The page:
The reality that someone you care about has Alzheimer’s can be overwhelming and may trigger a range of emotions: anger, fear, frustration and sadness. Family conflicts are common as the family struggles to deal with the changes.
To minimize the stress, try dealing with the issues together.
There are many ways that family members can help.
Some may be better at dealing with the financial responsibilities.
Others may feel helpful with doing the household chores and errands.
It is best to communicate as a whole group on a regular basis. If meeting physically is not possible, try sending emails and including all that are involved in your loved ones care.
Be open to compromise and suggestions that other family members may have.
Remember there isn’t any right or wrong way, it is the way that best meets the needs of your family member.
Caring for your loved one and enjoying your time together is most important.
Here are some communication tips that can help make the day a lot easier for the caregiver and the person with Alzheimer’s:
* Always approach a person with Alzheimer’s from the front. Do not come up from behind them. It is alarming to them.
* Look directly at the person and make sure you have their attention before speaking to them.
* Do not become frustrated with the person. If they see your frustration, they in turn will become frustrated and you will accomplish nothing.
* Don’t speak to the person like they are a child. Use your normal tone of voice, just like you are speaking to any other person.
* Remember it is the person’s “right now” memory that is gone, don’t use long sentences.
* If you want the person to go with you somewhere, it is easier if you take them by the hand and lead the way. Talk to them as you are walking so they
understand where you are leading them.
* Finally, smile a lot. This makes the Alzheimer’s person feel safe and happy and comfortable. A smile will go a long way to making the day a good one.
One of my favorite authors about Alzheimer’s disease, Marie Marley, wrote: “All too often loved ones of people with dementia are in denial. They spend their time trying to get the person to “act normal.” Trying to get them to remember and do things. This often leads to anger and frustration for the visitor and also for the person with Alzheimer’s as well.”
A person with Alzheimer’s disease or dementia may ask a loved one the same question over and over again. For example: Where are the children? You may not know what children they are referring to. Rather than become frustrated trying to find out from the Alzheimer’s patient what children they are referring to it is easier to just give an answer, such as: They are in school. This will eliminate a lot of frustration for all concerned and you will be able to enjoy your time. Another way is to change the subject. Try focusing on something in the present moment that doesn’t involve the person’s memory. Looking at photographs is always a good way to keep the person occupied. Try putting together a photo album that you can use on your visits or letting the person with Alzheimer’s help you put the album together. This could be a good experience for both of you.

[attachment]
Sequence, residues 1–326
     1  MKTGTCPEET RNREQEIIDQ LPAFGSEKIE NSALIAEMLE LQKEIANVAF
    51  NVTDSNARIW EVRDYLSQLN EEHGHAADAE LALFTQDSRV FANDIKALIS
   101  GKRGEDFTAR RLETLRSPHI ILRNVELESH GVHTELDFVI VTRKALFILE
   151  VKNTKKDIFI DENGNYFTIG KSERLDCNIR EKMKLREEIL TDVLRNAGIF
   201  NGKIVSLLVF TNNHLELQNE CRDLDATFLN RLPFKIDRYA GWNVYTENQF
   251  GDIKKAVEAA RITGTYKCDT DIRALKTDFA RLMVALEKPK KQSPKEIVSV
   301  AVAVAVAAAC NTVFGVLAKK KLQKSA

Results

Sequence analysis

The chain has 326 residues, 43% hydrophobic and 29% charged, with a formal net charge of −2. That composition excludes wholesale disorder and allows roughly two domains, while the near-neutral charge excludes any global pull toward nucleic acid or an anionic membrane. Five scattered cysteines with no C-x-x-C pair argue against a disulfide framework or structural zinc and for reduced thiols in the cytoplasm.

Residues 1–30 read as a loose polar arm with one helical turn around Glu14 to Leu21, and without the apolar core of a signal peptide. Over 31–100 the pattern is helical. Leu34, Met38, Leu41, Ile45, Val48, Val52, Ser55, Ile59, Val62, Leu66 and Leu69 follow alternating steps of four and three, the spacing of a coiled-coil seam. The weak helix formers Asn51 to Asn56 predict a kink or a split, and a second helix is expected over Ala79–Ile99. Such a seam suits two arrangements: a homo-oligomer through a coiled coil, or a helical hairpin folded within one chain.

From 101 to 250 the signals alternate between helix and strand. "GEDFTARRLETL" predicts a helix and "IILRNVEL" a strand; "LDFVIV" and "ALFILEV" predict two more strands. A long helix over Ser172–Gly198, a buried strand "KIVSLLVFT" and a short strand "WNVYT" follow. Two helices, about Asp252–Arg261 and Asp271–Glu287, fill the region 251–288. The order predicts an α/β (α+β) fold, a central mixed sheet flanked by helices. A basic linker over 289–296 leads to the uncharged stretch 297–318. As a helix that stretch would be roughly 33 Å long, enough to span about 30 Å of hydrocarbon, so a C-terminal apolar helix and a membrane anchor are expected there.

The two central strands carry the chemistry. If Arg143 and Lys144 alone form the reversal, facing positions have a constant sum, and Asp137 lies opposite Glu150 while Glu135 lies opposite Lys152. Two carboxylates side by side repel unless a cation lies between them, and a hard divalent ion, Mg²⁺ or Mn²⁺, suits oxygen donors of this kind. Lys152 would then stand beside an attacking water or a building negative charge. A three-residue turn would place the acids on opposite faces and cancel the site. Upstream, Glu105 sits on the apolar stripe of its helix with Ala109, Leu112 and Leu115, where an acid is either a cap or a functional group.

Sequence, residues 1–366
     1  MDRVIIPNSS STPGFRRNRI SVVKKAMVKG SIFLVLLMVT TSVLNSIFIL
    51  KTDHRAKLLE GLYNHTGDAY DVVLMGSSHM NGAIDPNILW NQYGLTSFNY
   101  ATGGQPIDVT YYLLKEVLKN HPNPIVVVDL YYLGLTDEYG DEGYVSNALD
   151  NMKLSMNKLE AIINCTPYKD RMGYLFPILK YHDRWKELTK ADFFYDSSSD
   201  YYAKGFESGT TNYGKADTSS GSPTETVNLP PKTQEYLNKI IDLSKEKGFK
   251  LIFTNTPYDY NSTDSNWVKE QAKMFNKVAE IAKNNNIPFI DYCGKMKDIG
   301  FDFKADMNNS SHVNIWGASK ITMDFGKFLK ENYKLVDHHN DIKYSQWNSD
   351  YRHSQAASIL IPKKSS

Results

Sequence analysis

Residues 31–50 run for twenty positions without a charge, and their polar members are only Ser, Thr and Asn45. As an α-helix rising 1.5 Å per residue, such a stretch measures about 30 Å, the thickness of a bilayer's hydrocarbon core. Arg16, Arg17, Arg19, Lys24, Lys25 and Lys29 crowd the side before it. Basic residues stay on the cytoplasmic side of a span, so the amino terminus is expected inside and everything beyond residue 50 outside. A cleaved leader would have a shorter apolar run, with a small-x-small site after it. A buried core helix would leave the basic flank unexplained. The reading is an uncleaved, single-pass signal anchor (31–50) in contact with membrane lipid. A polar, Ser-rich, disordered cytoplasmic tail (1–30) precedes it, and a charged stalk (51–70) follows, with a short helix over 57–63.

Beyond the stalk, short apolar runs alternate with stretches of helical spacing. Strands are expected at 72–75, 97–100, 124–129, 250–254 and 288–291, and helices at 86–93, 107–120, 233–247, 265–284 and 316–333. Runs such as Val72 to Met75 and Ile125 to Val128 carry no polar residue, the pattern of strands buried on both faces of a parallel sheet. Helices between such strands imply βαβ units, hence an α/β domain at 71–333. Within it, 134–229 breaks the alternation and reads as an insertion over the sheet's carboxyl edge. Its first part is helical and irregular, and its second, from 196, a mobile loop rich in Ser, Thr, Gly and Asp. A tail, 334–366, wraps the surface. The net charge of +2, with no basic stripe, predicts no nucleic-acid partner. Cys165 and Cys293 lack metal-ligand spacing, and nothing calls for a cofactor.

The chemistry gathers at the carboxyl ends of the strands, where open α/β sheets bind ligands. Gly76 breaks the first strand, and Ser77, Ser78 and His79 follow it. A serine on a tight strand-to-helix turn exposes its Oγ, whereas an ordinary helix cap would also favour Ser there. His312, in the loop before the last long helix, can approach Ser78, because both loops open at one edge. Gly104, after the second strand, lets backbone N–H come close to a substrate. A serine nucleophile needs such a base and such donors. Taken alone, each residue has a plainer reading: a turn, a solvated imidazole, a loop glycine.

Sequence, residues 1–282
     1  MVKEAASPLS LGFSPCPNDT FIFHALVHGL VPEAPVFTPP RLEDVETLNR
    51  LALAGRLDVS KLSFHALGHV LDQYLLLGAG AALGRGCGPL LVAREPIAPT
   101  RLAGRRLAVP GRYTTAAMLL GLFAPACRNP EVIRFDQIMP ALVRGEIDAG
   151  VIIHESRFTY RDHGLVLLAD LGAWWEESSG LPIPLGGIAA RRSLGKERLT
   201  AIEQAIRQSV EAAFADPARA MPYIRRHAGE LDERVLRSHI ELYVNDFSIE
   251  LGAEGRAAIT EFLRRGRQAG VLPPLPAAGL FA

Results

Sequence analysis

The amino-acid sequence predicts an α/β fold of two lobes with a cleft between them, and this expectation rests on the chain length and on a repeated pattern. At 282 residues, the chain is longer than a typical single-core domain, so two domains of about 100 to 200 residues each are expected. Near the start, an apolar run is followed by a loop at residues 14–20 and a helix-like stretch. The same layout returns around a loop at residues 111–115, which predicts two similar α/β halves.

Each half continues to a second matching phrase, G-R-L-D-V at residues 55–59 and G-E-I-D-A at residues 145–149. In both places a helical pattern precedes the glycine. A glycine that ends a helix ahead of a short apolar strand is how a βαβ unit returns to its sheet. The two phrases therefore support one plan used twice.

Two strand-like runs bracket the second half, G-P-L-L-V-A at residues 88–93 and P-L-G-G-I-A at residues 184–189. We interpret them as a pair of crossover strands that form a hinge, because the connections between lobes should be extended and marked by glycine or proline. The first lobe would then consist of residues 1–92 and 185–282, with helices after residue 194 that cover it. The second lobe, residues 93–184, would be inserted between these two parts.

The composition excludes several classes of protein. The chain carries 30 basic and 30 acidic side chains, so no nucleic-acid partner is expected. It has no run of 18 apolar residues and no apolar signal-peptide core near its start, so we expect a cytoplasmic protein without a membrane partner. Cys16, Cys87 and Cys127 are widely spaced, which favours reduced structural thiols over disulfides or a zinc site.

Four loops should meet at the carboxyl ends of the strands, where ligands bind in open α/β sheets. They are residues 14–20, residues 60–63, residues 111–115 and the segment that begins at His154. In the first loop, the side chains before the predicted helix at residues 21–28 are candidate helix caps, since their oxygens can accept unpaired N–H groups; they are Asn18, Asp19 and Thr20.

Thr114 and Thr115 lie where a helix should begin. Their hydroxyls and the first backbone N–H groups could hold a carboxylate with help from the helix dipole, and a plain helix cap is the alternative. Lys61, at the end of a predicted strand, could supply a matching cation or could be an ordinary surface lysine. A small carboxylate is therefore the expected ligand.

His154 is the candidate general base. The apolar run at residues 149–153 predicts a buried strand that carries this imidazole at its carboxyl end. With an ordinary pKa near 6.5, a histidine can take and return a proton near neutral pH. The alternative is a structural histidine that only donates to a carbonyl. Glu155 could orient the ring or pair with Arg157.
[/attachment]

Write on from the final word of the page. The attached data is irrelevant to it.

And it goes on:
There is so much talk about Alzheimer’s disease, but what do we know about the person who discovered it?
Dr. Alois Alzheimer was a young doctor who worked at the Frankfurt Clinic where the first person known to have Alzheimer’s disease was a patient. Auguste Deter was in her early fifties in 1890 when she was admitted to the Frankfurt Mental Clinic with problems sleeping and identifying herself. One of the file notes recorded her as saying, ” I have lost myself.”
Alzheimer was not Auguste’s primary caregiver throughout her stay at the Clinic, but he continued to follow her case throughout the years. When Auguste died in 1906, Alois Alzheimer had slices of tissue taken from her brain and brought them to his new facility in Munich. Performing a series of tests on the tissue he noticed little tangles of nerves, now called neurofibrillary tangles. He also noticed little plaques.
The next year he presented his findings at a meeting of the South-West German Psychiatrists, and spent the next few decades examining the brains of other patients who showed similar mental decline as Auguste.
Emil Kraepelin was the first to promote Alzheimer’s work. Alois Alzheimer discovered the disease, but Kraepelin presented it to the world. After Alois Alzheimer died in 1915, Emil put the information known about the disease in textbooks. He was the person who got doctors all over the world looking for something more than senility.
Today research continues, but still not a cure for Alzheimer’s disease, but with the help of doctors and scientists such as Alois Alzheimer we are so much closer.
Planning for the future is essential to all of us, especially for someone with Alzheimer’s Disease.
If you start early, the loved one with Alzheimer’s may be able to help with the decisions.
Examining all the costs that one could possibly face with Alzheimer’s disease is the first steps to take.
Checking into Long Term Care Insurance, Estate Planning, Wills, Trusts and Power of Attorney is an important step to take.
You will also want to consider the cost for prescription drugs, In-home Health Care, Personal care supplies, and cost for
Long term care as the disease progresses. Experienced Elder Law Attorneys and Financial Planners can be very helpful.
Alois Alzheimer Foundation in partnership with Elsa Heisel Sule Foundation are sponsoring a free seminar for Financial Planning
on Saturday, August 29 8:00am-12:45pm at Gloria Dei Lutheran Church in Crestview Hills, KY
To register click here…